Children are wise and discerning souls, and they often require the very best of our ministry skills. This is especially true when teaching radical generosity, as I’ve found in my own life.
Over the past five years, I’ve told countless stories about the ah-ha moments that happen when your children grow up with only a vague understanding of what you do for a living. For parents who work in non-profit environments or ministry-aligned work, teach about faith and philanthropy, or serve in community development roles, the resulting comedy routines often are rich. If you’ve never experienced this, ask a child the following questions:
- What do you believe our pastor does each week?
- What is ministry?
- What do your parents do for a living?
- When is the last time you experienced generosity?
My own eyes were opened on a summer Sunday at church just a few years ago. We were ushering as a family when my teenage daughter said, “I’m surprised we don’t give more to church.” I could barely finish the offering rituals before I expressed my dismay at her statement. She wasn’t kidding when she said that she could see all the ways we serve and volunteer, but didn’t have any clarity about our giving. I’m certain that my facial expression could have provided lessons for eternity. How could someone who teaches about time, talent, TREASURE and testimony miss the teaching moment? With renewed energy, I immediately began discussing the lessons I know to be true:
- Talk openly to children of all ages about money.
- Explore the question, “What do we need to live?”
- Explain where your money goes each month. Discuss what income is generated and what expenses are a normal part of family operations.
- Ask your children to help choose volunteer projects, and volunteer together.
- Help children to both earn money and, in turn, to give from their own money.
Radical generosity is a practice that must be modeled. No matter how many youth services, special presentations or UNICEF drives have shaped their lives, we must engage young people in conversation to create a true culture of generosity. Children learn from their families and those closest to them. It’s impossible to expect generosity via osmosis in a community of privilege. Taking part in quality conversations helps to foster an environment where generosity can be both taught and caught.
Radical generosity can be defined in many ways. As parents, listening to young people define complex ideas in their own words is essential. In conversation, we learn that adults in pews aren’t the only individuals who may struggle with concepts of generosity. They aren’t the only people who perceive philanthropists to be wealthy, male and often part of a culture much different than their own. When children learn about generosity, philanthropy and giving, they are actively mapping concepts through the lens of their own life experiences. Making radical generosity more than words requires a clear understanding of what it means to be generous in our living, our giving and our ability to receive.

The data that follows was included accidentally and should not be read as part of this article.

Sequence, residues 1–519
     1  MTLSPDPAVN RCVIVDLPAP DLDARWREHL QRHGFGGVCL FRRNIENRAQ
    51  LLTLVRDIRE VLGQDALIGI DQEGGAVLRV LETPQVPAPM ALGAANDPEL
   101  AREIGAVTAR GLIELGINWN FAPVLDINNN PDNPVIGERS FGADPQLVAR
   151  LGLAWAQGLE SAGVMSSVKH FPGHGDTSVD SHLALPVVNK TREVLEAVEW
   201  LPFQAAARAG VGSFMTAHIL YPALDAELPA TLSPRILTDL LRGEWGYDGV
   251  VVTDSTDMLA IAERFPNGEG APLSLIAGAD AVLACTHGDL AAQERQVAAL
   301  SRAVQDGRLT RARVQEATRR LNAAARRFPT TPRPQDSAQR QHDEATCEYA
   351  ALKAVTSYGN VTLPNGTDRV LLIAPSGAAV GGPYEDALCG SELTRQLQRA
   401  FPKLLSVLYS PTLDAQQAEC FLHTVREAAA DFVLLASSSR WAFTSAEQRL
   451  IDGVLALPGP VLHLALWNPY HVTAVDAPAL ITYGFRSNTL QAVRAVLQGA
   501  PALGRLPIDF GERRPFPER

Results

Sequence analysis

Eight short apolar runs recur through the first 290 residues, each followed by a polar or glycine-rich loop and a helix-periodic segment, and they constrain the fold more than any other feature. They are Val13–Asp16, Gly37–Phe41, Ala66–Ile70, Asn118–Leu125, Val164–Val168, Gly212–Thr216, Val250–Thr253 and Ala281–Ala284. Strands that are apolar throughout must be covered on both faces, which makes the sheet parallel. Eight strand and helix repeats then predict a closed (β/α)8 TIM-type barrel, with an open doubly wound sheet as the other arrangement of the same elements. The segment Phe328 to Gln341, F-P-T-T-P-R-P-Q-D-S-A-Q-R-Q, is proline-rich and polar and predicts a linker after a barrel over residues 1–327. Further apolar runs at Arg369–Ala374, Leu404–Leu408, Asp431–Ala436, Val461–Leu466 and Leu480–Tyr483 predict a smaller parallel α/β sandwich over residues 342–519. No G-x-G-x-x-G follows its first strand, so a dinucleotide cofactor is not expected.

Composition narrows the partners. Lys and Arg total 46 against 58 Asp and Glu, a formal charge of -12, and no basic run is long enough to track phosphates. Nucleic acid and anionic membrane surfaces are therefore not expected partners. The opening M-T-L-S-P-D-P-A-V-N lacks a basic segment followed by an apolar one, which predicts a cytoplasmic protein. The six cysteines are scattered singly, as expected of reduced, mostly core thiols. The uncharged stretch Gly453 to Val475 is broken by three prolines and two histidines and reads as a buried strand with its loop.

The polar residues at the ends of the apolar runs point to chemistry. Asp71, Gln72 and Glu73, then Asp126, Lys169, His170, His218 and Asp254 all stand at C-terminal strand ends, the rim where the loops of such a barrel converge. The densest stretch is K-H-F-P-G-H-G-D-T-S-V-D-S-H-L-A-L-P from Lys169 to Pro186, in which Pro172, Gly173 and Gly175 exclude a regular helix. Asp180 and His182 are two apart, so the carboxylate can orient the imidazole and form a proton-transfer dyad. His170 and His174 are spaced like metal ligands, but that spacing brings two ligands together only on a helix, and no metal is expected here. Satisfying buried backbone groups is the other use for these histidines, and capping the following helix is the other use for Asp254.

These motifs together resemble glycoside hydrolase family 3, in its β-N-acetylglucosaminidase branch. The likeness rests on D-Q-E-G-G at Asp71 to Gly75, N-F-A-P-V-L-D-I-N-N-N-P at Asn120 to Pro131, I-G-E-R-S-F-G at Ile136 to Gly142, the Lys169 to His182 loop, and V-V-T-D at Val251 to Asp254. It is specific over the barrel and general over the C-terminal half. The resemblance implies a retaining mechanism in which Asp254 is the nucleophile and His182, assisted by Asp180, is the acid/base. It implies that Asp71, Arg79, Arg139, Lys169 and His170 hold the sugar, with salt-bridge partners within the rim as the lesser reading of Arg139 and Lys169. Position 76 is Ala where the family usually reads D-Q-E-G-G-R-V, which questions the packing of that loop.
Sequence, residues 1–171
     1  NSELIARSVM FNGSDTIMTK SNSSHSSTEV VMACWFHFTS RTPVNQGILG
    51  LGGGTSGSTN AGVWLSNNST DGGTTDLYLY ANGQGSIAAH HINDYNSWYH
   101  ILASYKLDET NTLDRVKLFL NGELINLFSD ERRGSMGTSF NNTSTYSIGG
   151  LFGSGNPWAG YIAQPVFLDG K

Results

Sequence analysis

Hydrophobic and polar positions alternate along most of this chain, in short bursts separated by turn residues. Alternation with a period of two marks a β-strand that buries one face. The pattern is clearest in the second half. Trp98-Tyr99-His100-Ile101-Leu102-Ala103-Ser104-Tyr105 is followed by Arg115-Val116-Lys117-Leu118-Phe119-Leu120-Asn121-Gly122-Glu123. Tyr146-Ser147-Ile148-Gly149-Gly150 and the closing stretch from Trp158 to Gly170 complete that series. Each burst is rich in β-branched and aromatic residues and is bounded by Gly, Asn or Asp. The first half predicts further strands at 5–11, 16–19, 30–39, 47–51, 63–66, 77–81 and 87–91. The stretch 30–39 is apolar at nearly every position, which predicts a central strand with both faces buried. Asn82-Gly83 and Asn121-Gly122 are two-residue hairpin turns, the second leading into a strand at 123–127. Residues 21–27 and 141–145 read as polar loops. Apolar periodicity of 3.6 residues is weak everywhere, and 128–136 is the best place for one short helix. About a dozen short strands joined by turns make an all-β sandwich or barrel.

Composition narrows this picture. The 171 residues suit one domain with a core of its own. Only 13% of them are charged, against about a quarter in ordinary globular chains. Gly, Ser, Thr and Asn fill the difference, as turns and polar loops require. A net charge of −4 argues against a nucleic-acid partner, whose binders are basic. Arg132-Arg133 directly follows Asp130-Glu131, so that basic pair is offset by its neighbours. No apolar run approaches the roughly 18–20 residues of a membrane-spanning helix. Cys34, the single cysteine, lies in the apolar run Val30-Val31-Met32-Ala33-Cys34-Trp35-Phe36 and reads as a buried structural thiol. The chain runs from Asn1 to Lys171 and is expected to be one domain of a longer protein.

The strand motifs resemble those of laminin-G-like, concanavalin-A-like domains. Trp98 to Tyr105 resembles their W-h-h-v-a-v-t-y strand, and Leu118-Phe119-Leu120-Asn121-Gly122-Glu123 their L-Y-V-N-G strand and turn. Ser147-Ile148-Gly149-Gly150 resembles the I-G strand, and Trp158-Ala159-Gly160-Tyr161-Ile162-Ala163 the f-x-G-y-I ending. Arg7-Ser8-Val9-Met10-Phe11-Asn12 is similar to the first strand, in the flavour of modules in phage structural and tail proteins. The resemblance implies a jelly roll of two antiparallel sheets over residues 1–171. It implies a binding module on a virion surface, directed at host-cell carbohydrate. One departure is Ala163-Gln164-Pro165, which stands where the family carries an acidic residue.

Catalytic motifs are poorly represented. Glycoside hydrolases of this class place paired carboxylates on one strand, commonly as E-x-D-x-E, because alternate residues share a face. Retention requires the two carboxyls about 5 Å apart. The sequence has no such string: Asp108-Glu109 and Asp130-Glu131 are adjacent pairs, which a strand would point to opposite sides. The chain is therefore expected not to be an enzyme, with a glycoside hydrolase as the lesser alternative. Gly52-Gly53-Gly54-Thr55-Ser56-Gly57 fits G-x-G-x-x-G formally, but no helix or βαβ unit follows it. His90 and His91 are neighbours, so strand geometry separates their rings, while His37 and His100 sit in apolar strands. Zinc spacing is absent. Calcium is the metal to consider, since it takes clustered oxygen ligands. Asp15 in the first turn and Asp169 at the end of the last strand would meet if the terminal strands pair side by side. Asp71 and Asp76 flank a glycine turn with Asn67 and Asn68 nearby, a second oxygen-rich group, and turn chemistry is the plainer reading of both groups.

Current demographic data indicates a high volunteer ethic in younger generations. Yet, the volunteer mandates for high school completion are an interesting study in being “voluntold.” Our opportunity is to unearth what matters most, then to talk, teach, pray, model, come alongside, facilitate and actively support children in their understanding of giving. I’m a new fan of the motto, “Serve selfishly until you can serve selflessly.” Generosity is a practice. In today’s society, a core ethic of giving can be more difficult to teach than we often admit. Busy lives and hectic schedules can distract from the very lessons we believe are most important.
My own experiences and discussions with my children prompted a renewed commitment to family conversations about giving. Although we considered ourselves generous and intentional, we realized that teaching generosity requires more from us. It cannot be a passing or seasonal experience, and it cannot be assumed as a value. Radical generosity is best integrated into the very fabric of our lives. How we engage with and treat one another is evidenced in our family, school, community and faith lives at every level. With focused effort and commitment, we teach the truth about generosity each and every day of our lives.